Join the Patreon for as little as $1 to get a copy of the show notes with all the references, a shout out at the end of the next episode, and access to bonus episodes:


    Nyai Gede Pinateh, the Harbour Master of Gresik;
    An interview with Haldi Patra on the Minangkabau matriarchal society;
    Ma Ying Taphan and the Krom Klone;
    Queen Suriyothai and the War Elephants;
    Paz Marquez Benitez and Dead Stars;
    The Rise and Fall of the Acehnese Queens, 1641 to 1699; and
    The Women of No. 14 Lebuh Leith.

    The song in this episode is Bodabil by Andre Lagoy. Bodabil is an indigenized form of vaudeville, introduced in the Philippines around the time of the Manila Carnival. Hope you enjoyed his song inspired by it. Check out Andre Lagoy’s music on Facebook and Spotify.

    Thank you to our patrons: Alyssa, Beverly, Karen, Kheiro, Xiaomei BY Milish, Jennifer, Christina, Raul, Raymond, Matt, Shereen, Charli, and Yati.

    Don’t forget to follow us on Facebook, Twitter, and Instagram @herstoryseapod.

    There are so many more stories to tell and we’re just getting started. This podcast was hosted and edited by Agas Ramirez.

    Tracks:


    Theme Music: Goddess of War by Unicorn Heads
    Jesse's Carnival Waltz - The Great North Sound Society
    Dios te salve Maria - Christian David
    On Foot - Underbelly & Ty Mayer

    • 18 min
    22 | The Many Lives of Emiria Sunassa

    22 | The Many Lives of Emiria Sunassa

    In this episode, we’re going to talk about the many lives of Emiria Sunassa, a pioneer of Indonesian modern art, who was also a nurse, singer, pianist, and traveler, who claimed to be a princess of the Tidore sultanate. Emiria was one of only three female artists in Persatuan Ahli Gambar Indonesia (PERSAGI). The other two were Saptarita Latif and Tridjoto Abdullah. However, in contrast to the two other women artists, Emiria started painting individually. She was not linked to any nationalist movements before she became involved with art.

    PERSAGI's nationalistic vigour came from an unmistakably masculine perspective; most of the paintings represented common subject matter: self-portraitures, still-lifes and, most importantly, the portrayal of the Indonesian people during and after the revolutionary period - and yet they were limited to the island of Java. Emiria’s choice of subject matter offered a different perspective of the new nation. - Dr Wulan Dirgantoro in Feminisms and Contemporary Art in Indonesia

    If you want to join the Patreon, you can give as little as $1 to get a copy of the show notes with all the references, a shout out at the end of the next episode, and access to bonus episodes. We have:


    Nyai Gede Pinateh, the Harbour Master of Gresik;
    An interview with Haldi Patra on the Minangkabau matriarchal society;
    Ma Ying Taphan and the Krom Klone;
    Queen Suriyothai and the War Elephants;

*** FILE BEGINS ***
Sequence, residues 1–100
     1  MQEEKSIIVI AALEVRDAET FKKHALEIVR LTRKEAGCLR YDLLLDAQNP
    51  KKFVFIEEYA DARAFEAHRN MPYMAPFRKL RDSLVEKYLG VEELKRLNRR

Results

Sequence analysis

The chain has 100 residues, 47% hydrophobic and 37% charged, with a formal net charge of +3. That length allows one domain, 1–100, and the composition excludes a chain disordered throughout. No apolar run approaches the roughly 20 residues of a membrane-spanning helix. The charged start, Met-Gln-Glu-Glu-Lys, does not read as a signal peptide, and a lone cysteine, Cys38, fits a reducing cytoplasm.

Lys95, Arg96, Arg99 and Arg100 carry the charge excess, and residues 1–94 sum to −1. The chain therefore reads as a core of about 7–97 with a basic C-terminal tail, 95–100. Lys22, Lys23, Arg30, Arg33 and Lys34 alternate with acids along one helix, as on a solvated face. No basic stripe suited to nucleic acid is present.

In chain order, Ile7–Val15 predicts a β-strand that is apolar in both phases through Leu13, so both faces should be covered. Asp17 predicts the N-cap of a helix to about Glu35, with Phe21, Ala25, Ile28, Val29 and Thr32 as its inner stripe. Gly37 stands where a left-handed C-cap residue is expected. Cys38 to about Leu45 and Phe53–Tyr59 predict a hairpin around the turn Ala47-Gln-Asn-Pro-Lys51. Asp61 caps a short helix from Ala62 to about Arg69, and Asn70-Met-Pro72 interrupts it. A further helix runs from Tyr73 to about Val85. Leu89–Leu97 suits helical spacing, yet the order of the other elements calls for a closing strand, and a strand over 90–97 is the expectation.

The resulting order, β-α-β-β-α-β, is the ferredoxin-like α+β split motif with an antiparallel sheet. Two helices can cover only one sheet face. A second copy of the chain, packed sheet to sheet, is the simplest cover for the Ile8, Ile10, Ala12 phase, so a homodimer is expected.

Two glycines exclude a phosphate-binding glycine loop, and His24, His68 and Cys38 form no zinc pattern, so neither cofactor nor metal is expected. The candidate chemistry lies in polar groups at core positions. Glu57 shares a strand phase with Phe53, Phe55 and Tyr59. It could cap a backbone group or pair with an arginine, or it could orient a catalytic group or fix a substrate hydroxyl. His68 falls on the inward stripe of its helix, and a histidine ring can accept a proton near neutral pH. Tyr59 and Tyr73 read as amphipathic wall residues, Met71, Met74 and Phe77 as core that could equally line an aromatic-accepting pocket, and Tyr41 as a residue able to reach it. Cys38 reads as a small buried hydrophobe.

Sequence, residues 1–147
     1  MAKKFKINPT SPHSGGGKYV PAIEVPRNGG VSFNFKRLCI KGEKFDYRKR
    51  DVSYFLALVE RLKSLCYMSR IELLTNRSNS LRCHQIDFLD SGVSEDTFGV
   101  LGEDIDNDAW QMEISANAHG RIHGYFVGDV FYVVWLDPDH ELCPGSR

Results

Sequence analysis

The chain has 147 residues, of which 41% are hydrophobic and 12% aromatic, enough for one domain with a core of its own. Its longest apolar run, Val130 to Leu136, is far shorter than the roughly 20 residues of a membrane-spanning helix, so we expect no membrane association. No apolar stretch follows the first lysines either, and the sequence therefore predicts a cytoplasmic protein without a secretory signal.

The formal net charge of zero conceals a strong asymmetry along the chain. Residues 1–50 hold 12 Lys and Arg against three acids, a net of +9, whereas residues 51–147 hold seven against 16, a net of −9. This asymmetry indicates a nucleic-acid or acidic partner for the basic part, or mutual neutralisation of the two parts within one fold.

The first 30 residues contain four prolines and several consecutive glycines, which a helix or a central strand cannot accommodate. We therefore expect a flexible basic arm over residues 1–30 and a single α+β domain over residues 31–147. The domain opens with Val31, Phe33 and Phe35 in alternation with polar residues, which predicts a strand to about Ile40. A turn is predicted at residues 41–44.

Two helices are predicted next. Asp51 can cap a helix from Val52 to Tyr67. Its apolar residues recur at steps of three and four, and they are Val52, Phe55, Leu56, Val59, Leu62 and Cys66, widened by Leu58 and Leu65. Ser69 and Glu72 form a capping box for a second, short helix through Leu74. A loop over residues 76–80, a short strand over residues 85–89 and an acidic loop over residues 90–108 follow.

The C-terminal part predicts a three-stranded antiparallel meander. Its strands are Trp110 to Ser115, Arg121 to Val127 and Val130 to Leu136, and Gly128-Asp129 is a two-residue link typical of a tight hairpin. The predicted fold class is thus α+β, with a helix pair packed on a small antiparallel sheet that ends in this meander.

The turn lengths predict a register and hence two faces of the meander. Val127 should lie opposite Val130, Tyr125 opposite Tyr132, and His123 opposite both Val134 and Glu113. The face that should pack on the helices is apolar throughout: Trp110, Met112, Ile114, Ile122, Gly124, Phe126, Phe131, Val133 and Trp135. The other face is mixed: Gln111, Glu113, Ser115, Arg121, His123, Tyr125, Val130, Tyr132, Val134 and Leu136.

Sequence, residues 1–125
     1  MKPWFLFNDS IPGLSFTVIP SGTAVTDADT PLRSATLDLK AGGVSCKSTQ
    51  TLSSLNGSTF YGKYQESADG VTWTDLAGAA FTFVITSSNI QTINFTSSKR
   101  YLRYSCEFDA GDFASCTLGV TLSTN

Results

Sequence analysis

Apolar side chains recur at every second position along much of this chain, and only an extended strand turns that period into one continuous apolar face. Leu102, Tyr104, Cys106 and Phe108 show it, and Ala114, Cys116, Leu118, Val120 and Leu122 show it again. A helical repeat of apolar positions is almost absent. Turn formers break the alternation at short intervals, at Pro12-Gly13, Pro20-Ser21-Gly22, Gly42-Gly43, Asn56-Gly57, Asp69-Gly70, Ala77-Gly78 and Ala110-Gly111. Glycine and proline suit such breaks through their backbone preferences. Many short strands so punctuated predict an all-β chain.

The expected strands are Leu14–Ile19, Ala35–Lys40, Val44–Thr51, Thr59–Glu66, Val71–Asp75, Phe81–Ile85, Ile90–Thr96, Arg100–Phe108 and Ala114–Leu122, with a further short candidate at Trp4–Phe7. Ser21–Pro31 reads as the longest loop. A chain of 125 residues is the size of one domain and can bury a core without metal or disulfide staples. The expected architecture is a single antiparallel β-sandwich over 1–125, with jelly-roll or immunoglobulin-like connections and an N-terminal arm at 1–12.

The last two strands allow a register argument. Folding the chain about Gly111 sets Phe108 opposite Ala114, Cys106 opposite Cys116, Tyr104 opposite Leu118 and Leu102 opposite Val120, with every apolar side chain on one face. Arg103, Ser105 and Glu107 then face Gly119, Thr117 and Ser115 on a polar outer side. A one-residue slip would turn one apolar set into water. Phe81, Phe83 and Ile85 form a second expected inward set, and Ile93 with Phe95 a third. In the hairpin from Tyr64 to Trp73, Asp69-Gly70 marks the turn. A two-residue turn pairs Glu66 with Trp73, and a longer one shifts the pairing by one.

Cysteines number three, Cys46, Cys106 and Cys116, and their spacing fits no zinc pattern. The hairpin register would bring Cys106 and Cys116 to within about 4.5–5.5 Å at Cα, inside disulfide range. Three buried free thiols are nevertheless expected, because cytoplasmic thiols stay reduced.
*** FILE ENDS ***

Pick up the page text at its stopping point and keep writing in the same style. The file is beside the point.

Paz Marquez Benitez and Dead Stars;
    The Rise and Fall of the Acehnese Queens, 1641 to 1699; and
    The Women of No. 14 Lebuh Leith

    Thank you to our patrons: Aqilah, Karen, Kheiro, Xiaomei BY Milish, Jennifer, Christina, Raul, Raymond, Matt, Shereen, Charli, and Yati. Aqilah joined the Patreon just last month so, welcome!

    Don’t forget to follow us on Facebook, Twitter, and Instagram @herstoryseapod. 

    There are so many more stories to tell and we’re just getting started. This podcast was hosted and edited by Agas Ramirez.

    Tracks:


    Theme Music: Goddess of War by Unicorn Heads
    Violet Spirit by Dan Henig
    Tanah Papua: A Paradise for Birds by Cornell Lab of Ornithology
    No.1 A Minor Waltz by Esther Abrami
    Papua New Guinea - Enga Traditional Music (197?) - Vinyl Reincarnation 
    Greater Bird-of-Paradise by Cornell Lab of Ornithology
    Dolphin-esque by Godmode

    • 23 min
    Bonus Episode | Excerpt from "The Women of No. 14 Lebuh Leith"

    Bonus Episode | Excerpt from "The Women of No. 14 Lebuh Leith"

    PATREON EXCLUSIVE | A couple of months ago, I took a very memorable trip to George Town, the  capital city of the Malaysian state of Penang. It was founded as an  entrepôt in 1786 and was the first British settlement in Southeast Asia.  Currently, it’s the second largest city in Malaysia and possibly number  one in my heart. So, digressing from our usual format, this bonus episode will take you through some parts of this trip, and by the end perhaps I can convince you to visit too.

    No. 14 Lebuh Leith is the address of the Cheong Fatt Tze Mansion, also known as the Blue Mansion, the most prominent Chinese garden-style architectural example in Malaysia and sometimes called the most photographed building in Penang.

    EXCERPT:

    Once they let us inside, they took us to the open courtyard, where two pillars and two trees stood, said to be the center of energy according to Feng Shui. The mansion in general is in the Chinese siheyuan architectural style but reflects the eclectic background of the trader Cheong Fatt Tze, with Gothic windows, stained glass, and Glasgow cast iron works by MacFarlane's for example. The mansion has 38 rooms, 7 staircases, 5 courtyards, and 220 windows. I would not want to be the person cleaning this house.

    Up the polished wooden staircase, on the second floor, is a series of rooms displaying the house’s history as well as artifacts left behind by the original occupants. One room, which of course sparked my interest, had a collection of women’s clothing, and some information about the women who lived on no. 14, Lebuh Leith.

    • 1 min

Customer Reviews

5.0 out of 5
9 Ratings

9 Ratings

Ruffdog113 ,

GREAT podcast!

Holy smokes this is a great podcast. I’m learning so much! I really appreciate all the time and work that went into making this. I’m so glad my friend told me about it!! I highly recommend it!

ImissGumby ,

Beautiful voice

This show is very interesting, educational, and mesmerizing. I highly recommend

Blahghfr ,

Eye opening

Didn’t know much about Southeast Asian history but I must say it’s very compelling! This pod is extremely informative and easy to listen to!